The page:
Lifestyle Benefits Rank High for Employee Retention
The face of the American workforce is changing and employee benefits packages are evolving to reflect the values and goals of businesses and the staff that make them possible. The days of attracting quality staff with health insurance, a retirement plan, and a little vacation time are coming to a close. Your staff is seeking benefits that fit their lifestyle and life stage.
Employee benefits play an important role in retaining employees. According to research by SHRM, the leading reasons employees look for jobs outside of their current company are higher compensation and better benefits.
Since the Great Recession, salaries have remained in step with inflation. With unemployment hovering under 5% for the past three years, competition for quality, qualified staff is getting steep. Business leaders are struggling to put together benefits packages that attract and retain valuable staff without breaking the bank. Employees want benefits that offer more flexibility and the ability to live a better life. At the intersection of these ideas are benefits packages that keep staff learning, healthy, and engaged.
Things to Keep in Mind for Employee Engagement
More workers than ever before are seeking flexibility in the time and place of work. According to Gallup, 43 percent of U.S. employees work remotely all or some of the time.
Flexible working benefits are a cost-effective way to help employees balance their work and personal lives. According to a survey by SHRM, three out of five organizations (62%) allowed some type of telecommuting, and 57% offered flextime, allowing employees to choose their work hours within limits established by the employer.
A Gallup study on benefits and perks finds that 51% of employees say they would switch to a job that allows them flextime, and 37% would switch to a job that allows them to work off-site at least part of the time. Two out of five organizations cited offering more flexible work arrangements as one of the most effective recruiting strategies.
Remote work is not without its challenges for both employer and employee as early remote work pioneers IBM discovered last year. Keeping the lines of communication open is key to ensuring the success, satisfaction, and productivity of these arrangements.
Perks of Small Business
Small businesses can have a tough time competing with large businesses when it comes to insurance, paid leave, tuition reimbursement, and retirement benefits packages. When budgets are tight, small business leaders need to carefully weigh benefits they can offer employees to improve their overall wellbeing.
When creating a benefits package for your small business, offer what traditional benefits you can financially and logistically but add in a few that help shape your culture and accommodate employees’ lifestyles. Gallup suggests small business owners look at offering some low or no-cost additional benefits like allowing pets at work, recreational league sports, free snacks, and remote work.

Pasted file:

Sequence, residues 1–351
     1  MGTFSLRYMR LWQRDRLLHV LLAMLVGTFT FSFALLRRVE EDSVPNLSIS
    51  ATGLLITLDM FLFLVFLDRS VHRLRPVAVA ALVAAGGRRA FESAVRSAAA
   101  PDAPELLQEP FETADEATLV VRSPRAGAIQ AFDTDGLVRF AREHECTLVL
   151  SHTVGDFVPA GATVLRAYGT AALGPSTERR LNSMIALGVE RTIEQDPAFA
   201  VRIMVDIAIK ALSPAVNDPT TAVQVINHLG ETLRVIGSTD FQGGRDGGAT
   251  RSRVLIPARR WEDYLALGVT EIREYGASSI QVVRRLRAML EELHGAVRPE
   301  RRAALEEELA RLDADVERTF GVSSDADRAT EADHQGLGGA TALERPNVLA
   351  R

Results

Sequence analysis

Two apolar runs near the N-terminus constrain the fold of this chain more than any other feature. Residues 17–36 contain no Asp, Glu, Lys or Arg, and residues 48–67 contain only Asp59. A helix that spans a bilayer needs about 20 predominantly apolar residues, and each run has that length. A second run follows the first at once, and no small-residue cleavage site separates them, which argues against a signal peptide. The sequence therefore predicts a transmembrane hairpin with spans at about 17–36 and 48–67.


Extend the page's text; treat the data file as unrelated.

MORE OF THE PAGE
Even if your organization is blessed with a thoughtful and complete benefits package, it won’t do much to retain quality employees if they don’t know it’s there.
In their State of the American Workplace, Gallup encourages organizations to identify and communicate their employee value proposition or EVP. An EVP encompasses the benefits and rewards that employees receive from their work with an organization. EVPs are a wonderfully effective culture communication tool. It should include all benefits, discounts, events, and learning opportunities.
When employees consider leaving an organization, they might do so to seek a higher salary but what they don’t know is their total compensation. Consider making an annual total compensation package letter for each staff member. The letter should include the employee’s salary and a complete list of the benefits the employee is taking advantage of, along with information on the ones they are not. Be sure to share the amount you spend on these benefits to give them a clear picture of their total compensation.
The Millennial Difference
Millennials are now the largest generation in the American workforce and their take on benefits differs from that of the generations that preceded them.
Gallup’s research demonstrated this generation enjoys traditional benefits, like health insurance, but is also seeking more flexible and “life-oriented” benefits such as telecommuting, tuition reimbursement, and on-site daycares.
As some of the more recent college graduates in the workforce, Gallup reports that Millennials are enticed by professional development opportunities like tuition reimbursement, professional organization membership, and the opportunity to attend conferences to grow their skill set.
Employers should take note – Gallup’s research showed that this group is most likely to change jobs in order to get what they want.
Gallup warns that employers must practice what they preach. If your recruitment pitch includes flexibility and career development, make sure your culture and policies are ready to support those claims or your collateral with this generation will plummet.
Asking Isn’t Enough
Surveys are common, but even Gallup admits that they are not very effective. Engagement programs should be more than “check a box” surveys in order to really drive change or increase performance. To find out the needs of employees, companies should strive to find scalable ways to measure engagement.
Armed with powerful data, and a quality, focused and well-explained benefits package, you should have the tools to keep some of your high flight risk workers put.